“It became more about the party and less about the art.“
The Chop Shop exploded onto Lonsdale Street with its campaign ‘Can’t Stop The Chop,’ a rebellious roar from Canberra’s hipster community and a defiant push through the red tape that threatened to stifle Canberra’s underground skate, street art & hip hop movement. At the front of this almighty roar was Sancho Murphy, the humble champion of the struggling artist and one of the true pioneers of this movement in Canberra.
While The Chop Shop may have ended up supporting the party as well as the art, what it unearthed was a youth culture busting to have a public place where they come together, express themselves, and party. “The Chop Shop kind of evolved into what it did, and I guess it turned out the way it was supposed to. It became more about the party and that kind of dictated the direction of the events. There were a whole bunch of other events I wanted to do, arts focussed events, that we just couldn’t fit into the timeframe.”
Sancho is all about the art. She has a self confessed ‘thing for activating dead spaces’ and promoting emerging talent in an ‘organic, ego free environment’. Her feelings about where the Chop Shop ended up are not so much disappointment, it was more about starting out with a vision and seeing that vision turn into something else because it embraced a youth culture that simply wasn’t being tapped into. It was like opening a big can of hipsters and watching it explode all over your dreams.
“I remember a few nights thinking ‘this isn’t what this venue is about’. I was lucky there was only about 30 percent of that but it was happening a lot towards the end and I was like ‘nooo… my baby’.”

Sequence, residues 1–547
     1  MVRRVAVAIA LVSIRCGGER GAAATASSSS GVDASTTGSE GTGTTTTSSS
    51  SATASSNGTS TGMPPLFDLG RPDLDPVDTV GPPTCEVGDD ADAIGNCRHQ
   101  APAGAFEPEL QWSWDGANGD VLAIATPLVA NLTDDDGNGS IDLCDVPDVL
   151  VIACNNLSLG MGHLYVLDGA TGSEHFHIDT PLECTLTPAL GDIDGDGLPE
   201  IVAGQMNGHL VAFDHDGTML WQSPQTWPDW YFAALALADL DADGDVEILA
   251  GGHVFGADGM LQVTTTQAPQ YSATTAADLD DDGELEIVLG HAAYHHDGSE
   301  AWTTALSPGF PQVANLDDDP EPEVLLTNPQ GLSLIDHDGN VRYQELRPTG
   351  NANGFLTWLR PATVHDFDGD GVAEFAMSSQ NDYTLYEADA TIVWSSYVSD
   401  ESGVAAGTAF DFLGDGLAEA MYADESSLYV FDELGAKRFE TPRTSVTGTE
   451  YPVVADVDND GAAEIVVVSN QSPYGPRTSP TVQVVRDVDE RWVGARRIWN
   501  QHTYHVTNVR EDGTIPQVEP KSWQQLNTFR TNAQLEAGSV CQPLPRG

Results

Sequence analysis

This baby was not conceived over night. The road to the Chop Shop started way back when Sancho was Fresh out of the ANU School of Art and still confused about what she wanted to do. Sancho did the retail thing for a while, working in camera and music shops eventually going on to do band merch as a senior sales rep for Sydney based company Out With the New and Playbill. Immersed in the hip hop scene, working for acts like Hill Top Hoods, Dallas Crane, and “Anyone in hop hop who came through Canberra really,” Sancho eventually tired of the lifestyle and took off overseas to recharge her creative batteries.
While overseas, Sancho visited some ‘really cool T-shirt skate shops in LA and San Francisco’ and was keen to bring this kind of flavour back to Canberra. Not having the capital to start working on her dream, Sancho wrote the idea down in her ideas book and took a public service role with the Royal Australian Mint as a Junior Product Development Officer. Bland as it may sound this experience gave Sancho some solid knowledge on manufacturing and business operations.
Then around three years ago, Sancho won a promotion run by Lonsdale Street Traders to fill an empty shop-front put her dream of running an indie T-shirt and skate lifestyle shop into action with her store Sancho’s Dirty Laundry.
“There is this undercurrent in Canberra of all these skaters and artists applying graphics to T-shirts and just selling them out of their boots at festivals, at markets… it’s a really honest product and I thought it would be cool to promote that.”
Sancho’s Dirty Laundry was the first real platform the indie street, skate and tattoo art scene had to gain exposure in Canberra. It became a sticking point where these independent artists would come together, meet each other, and share ideas. The events that came out of the store that would ultimately lead to the opening of The Chop Shop were Up Your Alley–a live painting event at the Traders, and an underground demolition house party.
“After we did the street party Up Your Alley, I was approached by a young guy, Pat Rose, who I ended up partnering with to do The Chop Shop. He wanted to launch a T-shirt label in an old share house that was going to be demolished and the landlord had given him permission to spray paint the walls. Pat said ‘hey do you want to do a similar thing to Up Your Alley in this house, with my T-shirt label, we’ll set up a stage in the backyard, paint the walls…’ and I was like ‘Hells yeah.’ It was pretty much the coolest underground event I have ever done.”